First Impact: INGENICIDE by Joan He (First Page)

It's time for another First Impact Critique, where we take a look at your queries, first pages, back cover copy, and more. You want to make an impact right from the start. We're here to help you do that.

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Remember, anyone who offers their comments this month is eligible for either $10 for Amazon or B&N OR a 20-page critique from me.

This week we have the first page for INGENICIDE, a YA dystopian from Joan He, whose query we read last week. My overall thoughts are at the end. As always, this is all just my opinion. Your mileage may vary.

First Page
It’s the first dance I’ve gone to in years.

I'm totally sticking on this: should
technicolor be capitalized?

I want to know what she thinks her
mother's thinking.
Mom tells me to stay away from the spirits. She glances out the car window, at the Technicolor lights that dart across Kennie’s packed driveway. Her brows knit together—I know what she’s thinking. Music thrums in the asphalt, vibrating through the soles of my shoes as I swing my feet onto the ground.

Dad rolls down the window. “Enjoy yourself. Today’s your day.”

“We’re so proud of you,” Mom adds, the little knot of worry vanishing. I blow them both a kiss. Dad honks. They drive away.

I knock and wait, apprehensive. It won’t just be our School at the post-graduation party tonight. Fairfax, Georgetown, and DC should be here, too. Already, I catch drifts of new voices among the blasting speakers and the familiar lull of the old. I relax when it’s Tess who opens the door.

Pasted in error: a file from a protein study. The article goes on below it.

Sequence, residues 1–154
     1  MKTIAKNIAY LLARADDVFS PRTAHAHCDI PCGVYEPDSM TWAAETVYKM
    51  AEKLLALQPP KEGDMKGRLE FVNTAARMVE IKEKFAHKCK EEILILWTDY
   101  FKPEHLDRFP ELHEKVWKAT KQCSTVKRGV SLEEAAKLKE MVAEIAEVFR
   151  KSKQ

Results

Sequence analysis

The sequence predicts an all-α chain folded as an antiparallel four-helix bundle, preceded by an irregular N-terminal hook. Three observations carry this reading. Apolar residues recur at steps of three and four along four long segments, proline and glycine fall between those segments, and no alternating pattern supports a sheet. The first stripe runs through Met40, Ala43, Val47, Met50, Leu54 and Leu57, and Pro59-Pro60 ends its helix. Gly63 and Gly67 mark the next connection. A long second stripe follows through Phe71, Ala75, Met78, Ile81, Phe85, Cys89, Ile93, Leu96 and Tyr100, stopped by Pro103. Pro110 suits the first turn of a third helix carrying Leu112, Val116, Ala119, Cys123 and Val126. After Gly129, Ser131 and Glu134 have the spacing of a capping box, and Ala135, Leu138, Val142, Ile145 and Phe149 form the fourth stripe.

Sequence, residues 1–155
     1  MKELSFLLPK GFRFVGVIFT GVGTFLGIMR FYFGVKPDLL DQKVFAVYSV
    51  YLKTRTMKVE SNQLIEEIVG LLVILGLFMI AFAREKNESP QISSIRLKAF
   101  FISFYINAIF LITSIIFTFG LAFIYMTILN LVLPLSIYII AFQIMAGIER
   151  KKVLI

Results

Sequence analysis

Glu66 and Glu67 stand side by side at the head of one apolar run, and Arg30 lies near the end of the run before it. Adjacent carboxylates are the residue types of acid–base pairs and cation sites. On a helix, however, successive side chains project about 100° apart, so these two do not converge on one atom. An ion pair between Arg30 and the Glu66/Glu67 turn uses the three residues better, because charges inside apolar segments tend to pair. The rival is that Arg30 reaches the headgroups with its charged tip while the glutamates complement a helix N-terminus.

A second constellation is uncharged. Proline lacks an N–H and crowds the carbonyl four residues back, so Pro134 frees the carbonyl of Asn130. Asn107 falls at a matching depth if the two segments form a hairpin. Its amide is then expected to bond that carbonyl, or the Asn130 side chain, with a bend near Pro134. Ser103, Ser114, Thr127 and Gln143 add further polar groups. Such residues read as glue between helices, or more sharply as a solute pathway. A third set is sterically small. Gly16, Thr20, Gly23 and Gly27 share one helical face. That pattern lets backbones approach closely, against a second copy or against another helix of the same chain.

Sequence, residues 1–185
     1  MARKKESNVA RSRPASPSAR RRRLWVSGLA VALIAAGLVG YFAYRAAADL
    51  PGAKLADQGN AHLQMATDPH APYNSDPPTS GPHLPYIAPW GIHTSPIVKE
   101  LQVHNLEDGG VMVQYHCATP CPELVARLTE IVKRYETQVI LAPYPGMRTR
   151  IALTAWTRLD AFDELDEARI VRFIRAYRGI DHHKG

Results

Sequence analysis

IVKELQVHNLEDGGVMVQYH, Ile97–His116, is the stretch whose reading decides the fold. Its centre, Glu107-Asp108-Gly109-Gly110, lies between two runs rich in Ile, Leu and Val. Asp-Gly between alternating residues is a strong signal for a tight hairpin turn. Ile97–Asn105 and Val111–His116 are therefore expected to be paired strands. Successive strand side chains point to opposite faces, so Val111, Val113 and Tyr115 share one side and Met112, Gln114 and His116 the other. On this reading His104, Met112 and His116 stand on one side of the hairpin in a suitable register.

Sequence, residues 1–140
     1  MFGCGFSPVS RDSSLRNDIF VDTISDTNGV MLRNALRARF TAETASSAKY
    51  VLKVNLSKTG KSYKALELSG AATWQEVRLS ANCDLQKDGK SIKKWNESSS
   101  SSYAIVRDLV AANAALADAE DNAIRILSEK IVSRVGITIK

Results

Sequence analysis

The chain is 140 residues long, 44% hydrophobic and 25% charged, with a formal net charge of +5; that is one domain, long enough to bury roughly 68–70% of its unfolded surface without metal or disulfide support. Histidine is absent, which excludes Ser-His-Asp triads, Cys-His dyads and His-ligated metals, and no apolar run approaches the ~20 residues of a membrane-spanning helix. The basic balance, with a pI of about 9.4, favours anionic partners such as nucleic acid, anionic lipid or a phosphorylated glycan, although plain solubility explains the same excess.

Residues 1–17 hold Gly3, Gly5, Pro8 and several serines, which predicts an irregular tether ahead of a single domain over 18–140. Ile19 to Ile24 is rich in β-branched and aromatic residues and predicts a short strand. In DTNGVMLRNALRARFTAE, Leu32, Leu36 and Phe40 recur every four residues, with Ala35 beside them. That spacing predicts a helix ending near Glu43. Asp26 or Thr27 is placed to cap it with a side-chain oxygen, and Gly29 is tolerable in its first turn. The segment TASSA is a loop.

Ombre's a pretty modern term (I had
to look it up). Is this near future?
“Hey, Sibyl,” she yells over the song. Her eyes are heavily made-up, but nothing competes with her dress. It’s got a million iridescent scales that scatter in ombre from the hemline. Rainbow lights dart around her form. They make Tess sparkle.

“You’ve outdone yourself,” I yell back. She laughs.

“Did you expect anything less?”

Not sure why school is capitalized.

Kind of a non-sequitur from Tess to
the school system.
No, I didn’t. Not from Style Enhancer Tess Wittle of Alexandria, which is one School of five in the DC and Virginia sector. All the Schools belong to the Training Of Prodigies system, better known by its acronym: TOP.

Tess doesn’t wait for an answer. The door closes behind us as she pulls me into the mass of dancing graduates. She’s whisked away after barely a minute, but I don’t mind. TOP Peers who recognize me pull me into their circles. They ask me about my plans after the one-month hiatus and congratulate me when I tell them that I’ll be apprenticing under a team of Experts in the renovation of the White House. Between beats, I ask them the same question. One Flesh Weaver leaves late June for a Bioprinting conference in Japan. Russell, Alexandria’s resident Beauty Translator, will be hosting his first art show in New York. Slaps and fist pumps go around, and then again, until it gets a bit overwhelming.

Adam's Thoughts
I really want to know what she thinks her mother is thinking :-) It seems like she's apprehensive, but I'm not clear about what, exactly. What is she afraid will happen? That knowledge alone might carry me through this piece a lot more strongly.

There are some world bits here that are intriguing -- the Flesh Weaver, for instance. But I'm not picking up enough to keep me hooked. That doesn't mean you have to add more just yet, but it's something to think about.

I kept getting hung up on simple words that were capitalized, but I didn't know why -- like School and Expert. I'm sure there's a reason, but because I don't know what it is, I find myself wondering why it doesn't just say school and expert. Why are they special enough to mark them as proper nouns? The problem is they appear to mean exactly the same thing as the common terms. It's similar to the problem of foreign terms: if a "hobarjee" is actually a duck, then it's better to just say duck.

These are nitpicks, and that's a good thing. I can't say I'm hooked yet, but I'm not turned off either. I think it just needs some turns in the right direction.

So what do the rest of you guys think?


Patchi said...